Monday, March 14, 2005

Life in Venice

After little sleep, late flights, and a close encounter with some of the stinkiest feet to have ever menaced an aircraft (Britney Spears, move over: there is a little Italian boy who gives your stench a run for its money), I arrived in Venice. The apartment has a view of the Grand Canal and may have been owned by the Sforza family in olden times. I need to spend a little time on its highly unsafe terrace to take in the view, but we have been running around constantly. The streets in Venice are a delightful warren of crumbling brick and stone, and just when you think that your goal is in sight, an unbridged canal will block your path. Not that I mean to criticize; the city is small enough to be a manageable walk, so long as you do not mind frequent detours and scenic routes.

Our first stop was the Guggenheim, where Peggy and her dear doggies are buried. The house includes some extremely desirable pieces of art, particularly the several Calders. Unfortunately, many of the works are behind glass and less than perfectly lit, which resulted in my boyfriend's purchase of a print which looked better than the painting itself.

We've also been to Saint Mark's, where I was mesmerized by the 2200 year old bronze horses that were stolen from Delos by Venice, snatched and then returned by France, and finally brought in from the elements a mere 30 years ago. As emblems of the Evangelists, they are iffy; as sculpture they are sublime. We then adjourned to the balcony that overlooks the piazza and meditated on the geometric increase in civility that takes place between the ground and the sky. In the piazza, all of the tourists are rude and rowdy and wouldn't give you the time of day, but once they ascend to the top of St. Mark's, they become courteous and giving, with people of all nationalities meeting in the clouds to altruistically assist one another with that most worthy of endeavors, the vacation photograph. We took photos for couples from at least three different countries and received photos from several in return (alas, an older American gentleman remarked that he knew we were not Italian because my boyfriend was not kissing me for the photo. As founder of International Kissing Day, I have vowed to improve this situation).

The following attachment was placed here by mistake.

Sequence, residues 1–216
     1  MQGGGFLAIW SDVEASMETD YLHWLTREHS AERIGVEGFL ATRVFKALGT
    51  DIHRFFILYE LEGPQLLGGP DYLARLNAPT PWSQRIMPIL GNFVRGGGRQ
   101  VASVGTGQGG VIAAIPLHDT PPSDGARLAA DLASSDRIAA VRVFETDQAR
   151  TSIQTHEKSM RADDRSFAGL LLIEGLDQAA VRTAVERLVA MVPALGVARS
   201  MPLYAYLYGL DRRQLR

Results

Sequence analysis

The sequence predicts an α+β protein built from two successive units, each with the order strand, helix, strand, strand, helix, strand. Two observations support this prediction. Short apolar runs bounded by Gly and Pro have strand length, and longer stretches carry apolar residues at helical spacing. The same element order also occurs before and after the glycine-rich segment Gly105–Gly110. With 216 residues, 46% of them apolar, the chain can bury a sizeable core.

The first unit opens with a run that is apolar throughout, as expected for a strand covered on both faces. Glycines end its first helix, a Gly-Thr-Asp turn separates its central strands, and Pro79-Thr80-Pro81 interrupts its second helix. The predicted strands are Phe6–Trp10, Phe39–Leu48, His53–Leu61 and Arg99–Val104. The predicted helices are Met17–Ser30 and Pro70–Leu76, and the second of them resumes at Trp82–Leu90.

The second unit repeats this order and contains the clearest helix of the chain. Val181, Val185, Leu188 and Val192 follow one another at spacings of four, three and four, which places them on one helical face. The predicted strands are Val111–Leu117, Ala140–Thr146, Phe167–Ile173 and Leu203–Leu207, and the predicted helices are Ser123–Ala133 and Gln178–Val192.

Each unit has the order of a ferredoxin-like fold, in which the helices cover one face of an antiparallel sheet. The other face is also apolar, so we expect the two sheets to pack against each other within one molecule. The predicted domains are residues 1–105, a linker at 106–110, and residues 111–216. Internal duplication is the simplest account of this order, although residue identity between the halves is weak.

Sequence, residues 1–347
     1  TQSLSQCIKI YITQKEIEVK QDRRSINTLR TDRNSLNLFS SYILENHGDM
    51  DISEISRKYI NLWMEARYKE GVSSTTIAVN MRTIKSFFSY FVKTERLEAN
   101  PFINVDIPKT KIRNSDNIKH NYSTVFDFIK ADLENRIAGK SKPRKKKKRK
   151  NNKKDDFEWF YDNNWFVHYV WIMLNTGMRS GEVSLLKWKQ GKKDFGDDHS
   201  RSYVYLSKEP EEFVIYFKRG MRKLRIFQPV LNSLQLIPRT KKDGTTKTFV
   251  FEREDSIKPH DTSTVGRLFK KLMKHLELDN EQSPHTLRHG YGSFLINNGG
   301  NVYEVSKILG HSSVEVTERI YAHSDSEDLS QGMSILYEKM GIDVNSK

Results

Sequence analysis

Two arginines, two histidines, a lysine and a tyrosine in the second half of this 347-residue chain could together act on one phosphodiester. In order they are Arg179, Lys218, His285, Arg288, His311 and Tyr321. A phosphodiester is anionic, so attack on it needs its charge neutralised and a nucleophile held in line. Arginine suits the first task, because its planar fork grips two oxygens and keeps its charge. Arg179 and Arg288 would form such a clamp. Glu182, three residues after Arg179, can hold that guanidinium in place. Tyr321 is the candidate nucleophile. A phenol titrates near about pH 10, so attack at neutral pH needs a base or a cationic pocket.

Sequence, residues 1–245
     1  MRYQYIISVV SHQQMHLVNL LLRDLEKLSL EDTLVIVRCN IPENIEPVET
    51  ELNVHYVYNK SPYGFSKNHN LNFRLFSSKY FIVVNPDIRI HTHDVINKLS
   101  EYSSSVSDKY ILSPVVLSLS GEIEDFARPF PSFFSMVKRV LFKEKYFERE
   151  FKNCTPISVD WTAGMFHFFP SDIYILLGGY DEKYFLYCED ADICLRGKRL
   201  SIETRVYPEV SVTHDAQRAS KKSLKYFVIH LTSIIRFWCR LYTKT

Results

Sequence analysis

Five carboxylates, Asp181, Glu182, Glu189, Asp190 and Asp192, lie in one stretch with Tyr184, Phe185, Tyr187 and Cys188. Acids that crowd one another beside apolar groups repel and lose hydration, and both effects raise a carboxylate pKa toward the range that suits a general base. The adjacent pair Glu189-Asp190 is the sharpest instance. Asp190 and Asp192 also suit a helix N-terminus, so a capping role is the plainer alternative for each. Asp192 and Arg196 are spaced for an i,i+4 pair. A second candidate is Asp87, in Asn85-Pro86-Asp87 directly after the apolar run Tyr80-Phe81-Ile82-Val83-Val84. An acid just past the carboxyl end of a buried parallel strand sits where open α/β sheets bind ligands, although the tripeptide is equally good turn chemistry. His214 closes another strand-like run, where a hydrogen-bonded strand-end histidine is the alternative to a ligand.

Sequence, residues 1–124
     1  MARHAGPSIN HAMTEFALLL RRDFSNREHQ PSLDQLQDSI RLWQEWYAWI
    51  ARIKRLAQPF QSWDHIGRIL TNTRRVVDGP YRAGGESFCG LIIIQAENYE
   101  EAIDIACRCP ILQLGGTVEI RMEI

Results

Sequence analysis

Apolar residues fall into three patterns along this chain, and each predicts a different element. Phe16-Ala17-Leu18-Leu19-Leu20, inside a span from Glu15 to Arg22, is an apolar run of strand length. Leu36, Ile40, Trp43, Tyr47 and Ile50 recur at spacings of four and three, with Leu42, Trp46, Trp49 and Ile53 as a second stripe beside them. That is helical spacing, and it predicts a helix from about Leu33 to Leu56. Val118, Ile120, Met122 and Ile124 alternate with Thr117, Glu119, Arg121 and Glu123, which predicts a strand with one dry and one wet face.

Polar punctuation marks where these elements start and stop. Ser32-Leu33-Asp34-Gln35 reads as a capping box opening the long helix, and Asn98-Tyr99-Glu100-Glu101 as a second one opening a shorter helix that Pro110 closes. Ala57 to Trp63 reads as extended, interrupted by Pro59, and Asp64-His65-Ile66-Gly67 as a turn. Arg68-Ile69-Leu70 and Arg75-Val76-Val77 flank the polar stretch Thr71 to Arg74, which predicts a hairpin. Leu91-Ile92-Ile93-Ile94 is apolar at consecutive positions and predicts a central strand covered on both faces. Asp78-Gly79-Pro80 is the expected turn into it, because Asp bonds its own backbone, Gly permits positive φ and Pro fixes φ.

Still to come: the Doge's palace, the Accademia, Murano, more galleries, more shopping (I do have a charming Carnevale mask already, but nothing glass as yet), and a gondola ride!
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